It might take the form of a glittering crystal powering a dragon’s acid breath. Or a river of power that can be tapped to create a wizard’s fireball. Or a demonic pact granting awesome healing powers. Along with knowing the source of magic, I also like to decide how the source acts and is used.
NOTE: I try to throw some ideas out there and hope some of them help. I make clear-cut categories only for the sake of simplifying the explanation. I know no reason writers can’t blur, erase, or redraw these lines to suit their desires for a world.
In “Choose Your Magic Source”, I suggested the ideas of concrete and abstract sources; I also said abstract sources can be difficult or impossible to map. Mapping a magical resource — concrete or abstract — becomes easier if the writer decide the source varies across space. Two possible types of variance are strength and density.
Maybe the magic source exists everywhere, but it is more potent on mountaintops. Perhaps magic crystals are common but the strongest ones are found in ruins occasionally uncovered by the shifting desert sands. Or an oath to Thing A is stronger than an oath to Thing B. These are examples of magic sources varying in strength or potency.
Another way to vary magic sources is to make them more concentrated in some places than others. As in power portals that cluster close together in the forests of dark elves. Or ley lines cross the lands and where they meet, the power gathers and packs tight into nodes. Perhaps magic gathers around not objects but pivotal moments in history, strong-hearted wishes, or powerful determination.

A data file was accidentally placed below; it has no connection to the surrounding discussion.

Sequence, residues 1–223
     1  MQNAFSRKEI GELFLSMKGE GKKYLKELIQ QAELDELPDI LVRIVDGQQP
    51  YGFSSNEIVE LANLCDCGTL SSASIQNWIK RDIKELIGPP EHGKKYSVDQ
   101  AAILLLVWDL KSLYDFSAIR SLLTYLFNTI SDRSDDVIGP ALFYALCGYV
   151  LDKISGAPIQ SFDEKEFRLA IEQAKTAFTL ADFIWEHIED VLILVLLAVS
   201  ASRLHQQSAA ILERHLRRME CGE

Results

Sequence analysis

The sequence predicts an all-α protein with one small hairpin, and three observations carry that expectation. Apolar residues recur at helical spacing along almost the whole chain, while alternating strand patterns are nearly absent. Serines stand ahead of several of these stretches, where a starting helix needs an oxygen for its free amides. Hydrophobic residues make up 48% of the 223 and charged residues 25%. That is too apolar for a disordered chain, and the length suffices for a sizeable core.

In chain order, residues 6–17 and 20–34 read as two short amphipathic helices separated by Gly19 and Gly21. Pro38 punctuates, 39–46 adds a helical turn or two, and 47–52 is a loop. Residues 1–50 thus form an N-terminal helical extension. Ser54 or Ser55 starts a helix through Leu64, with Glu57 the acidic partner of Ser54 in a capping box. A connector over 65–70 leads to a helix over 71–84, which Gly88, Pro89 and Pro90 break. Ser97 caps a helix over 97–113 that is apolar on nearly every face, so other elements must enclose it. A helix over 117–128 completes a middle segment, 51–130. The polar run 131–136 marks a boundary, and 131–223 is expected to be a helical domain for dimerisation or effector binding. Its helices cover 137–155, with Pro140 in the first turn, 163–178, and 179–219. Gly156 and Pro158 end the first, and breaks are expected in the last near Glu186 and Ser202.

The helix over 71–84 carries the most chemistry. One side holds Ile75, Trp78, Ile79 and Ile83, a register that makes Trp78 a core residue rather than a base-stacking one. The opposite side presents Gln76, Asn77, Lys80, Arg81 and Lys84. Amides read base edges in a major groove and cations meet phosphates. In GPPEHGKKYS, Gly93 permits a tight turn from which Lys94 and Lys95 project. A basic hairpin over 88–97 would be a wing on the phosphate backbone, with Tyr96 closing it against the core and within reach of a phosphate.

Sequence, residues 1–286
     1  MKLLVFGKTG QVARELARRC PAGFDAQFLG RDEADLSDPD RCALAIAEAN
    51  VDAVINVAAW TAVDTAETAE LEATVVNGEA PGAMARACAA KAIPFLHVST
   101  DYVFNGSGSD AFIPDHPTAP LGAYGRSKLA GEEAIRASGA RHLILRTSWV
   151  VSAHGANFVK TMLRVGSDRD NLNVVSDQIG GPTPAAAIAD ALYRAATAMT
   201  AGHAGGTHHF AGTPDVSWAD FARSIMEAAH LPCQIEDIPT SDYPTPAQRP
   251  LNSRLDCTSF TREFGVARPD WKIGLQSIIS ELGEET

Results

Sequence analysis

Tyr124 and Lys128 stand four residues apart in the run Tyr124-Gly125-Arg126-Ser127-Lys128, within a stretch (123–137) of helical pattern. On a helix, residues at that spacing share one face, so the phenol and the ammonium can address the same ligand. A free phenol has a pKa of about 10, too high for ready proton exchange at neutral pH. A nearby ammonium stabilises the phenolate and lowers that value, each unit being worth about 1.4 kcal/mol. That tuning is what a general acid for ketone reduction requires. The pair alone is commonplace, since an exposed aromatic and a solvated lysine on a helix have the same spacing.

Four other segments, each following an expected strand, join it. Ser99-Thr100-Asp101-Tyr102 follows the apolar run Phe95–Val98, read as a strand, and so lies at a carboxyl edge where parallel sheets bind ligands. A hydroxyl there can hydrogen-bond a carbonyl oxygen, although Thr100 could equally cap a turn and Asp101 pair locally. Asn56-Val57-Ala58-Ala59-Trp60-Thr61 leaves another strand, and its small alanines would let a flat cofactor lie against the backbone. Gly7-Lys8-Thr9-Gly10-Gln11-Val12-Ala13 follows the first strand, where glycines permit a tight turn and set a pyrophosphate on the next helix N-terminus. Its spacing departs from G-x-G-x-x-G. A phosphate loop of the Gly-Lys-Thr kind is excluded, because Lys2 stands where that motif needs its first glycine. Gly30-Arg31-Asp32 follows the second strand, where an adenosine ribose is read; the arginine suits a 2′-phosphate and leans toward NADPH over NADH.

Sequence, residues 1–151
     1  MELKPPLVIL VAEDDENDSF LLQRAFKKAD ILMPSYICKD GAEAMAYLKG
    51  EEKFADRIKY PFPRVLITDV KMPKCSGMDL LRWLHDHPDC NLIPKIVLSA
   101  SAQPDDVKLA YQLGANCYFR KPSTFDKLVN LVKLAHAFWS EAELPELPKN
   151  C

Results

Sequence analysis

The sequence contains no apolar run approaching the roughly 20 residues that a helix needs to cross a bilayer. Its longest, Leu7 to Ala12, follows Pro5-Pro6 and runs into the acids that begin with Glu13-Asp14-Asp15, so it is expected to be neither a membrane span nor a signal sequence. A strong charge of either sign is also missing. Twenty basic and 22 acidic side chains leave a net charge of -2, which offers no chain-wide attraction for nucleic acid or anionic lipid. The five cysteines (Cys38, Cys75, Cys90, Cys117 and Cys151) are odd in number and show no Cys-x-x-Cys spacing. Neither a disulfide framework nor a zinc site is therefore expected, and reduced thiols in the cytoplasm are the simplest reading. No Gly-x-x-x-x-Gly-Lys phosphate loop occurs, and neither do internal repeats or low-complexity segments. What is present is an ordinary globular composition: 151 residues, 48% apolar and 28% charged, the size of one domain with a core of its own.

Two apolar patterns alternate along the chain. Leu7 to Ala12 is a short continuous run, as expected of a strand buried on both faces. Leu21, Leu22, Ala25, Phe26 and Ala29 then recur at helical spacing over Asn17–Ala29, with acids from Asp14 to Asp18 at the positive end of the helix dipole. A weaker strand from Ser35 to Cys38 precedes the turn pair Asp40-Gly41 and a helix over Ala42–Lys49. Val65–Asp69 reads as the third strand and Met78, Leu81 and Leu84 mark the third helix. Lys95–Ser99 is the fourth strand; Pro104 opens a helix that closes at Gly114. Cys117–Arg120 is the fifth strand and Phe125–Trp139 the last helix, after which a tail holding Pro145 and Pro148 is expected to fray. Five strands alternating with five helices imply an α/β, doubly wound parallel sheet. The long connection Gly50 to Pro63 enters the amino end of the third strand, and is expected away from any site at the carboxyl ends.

Other issues worth considering:
-Is it mobile or static? An immobile magic source could pose a challenge for magic users and significantly influence where cities are built and civilizations rise. A magic source orbiting the planet versus teleporting randomly within an ocean would create a very different pattern for civilization growth.
– Can the source or its energy be channeled, transformed, repelled, or stored? These are all changes to its natural state. Which raises the question: Can it be influenced or controlled accidentally or only with intent? This question touches on an entirely different topic — conditions for using the magic source — which I hoped to address in this post but ran out of room. No worries, consider this a teaser for the next post.
– Does the source have a will, consciousness, or conscience? Imagine a source with only two of these. A magic source with awareness and intent but no moral code is very different from a magic source who is moral and aware but has no ability to control the ways others use its magic.
All these points lead in to the how the magic source affects the rest of the world. This is tied to the use of the source but the two are not the same. For instance, time might flow differently inside a magical forest. There’s no spell on the forest, that is just one of the rules. Or, conversely, a magic addict who travels too far from a magic source and experiences severe mood swings or hallucinations. Maybe the ley line sucks life force from the immediate surroundings (in which case this ley line is more of a catalyst or transformative agent). Therefore, ley lines become both a power source and a tool for war.
Does a writer need to consider all of these ideas? No, but it could help make a richer world. (I hope you think of more ideas and share them with me.)
This finishes the second post about knowing about magic sources. The next two posts handle another layer of this magic system: magic use. Specifically the conditions and consequences. Then I’ll move into crafting different magic user types, followed by magic-specific world-building.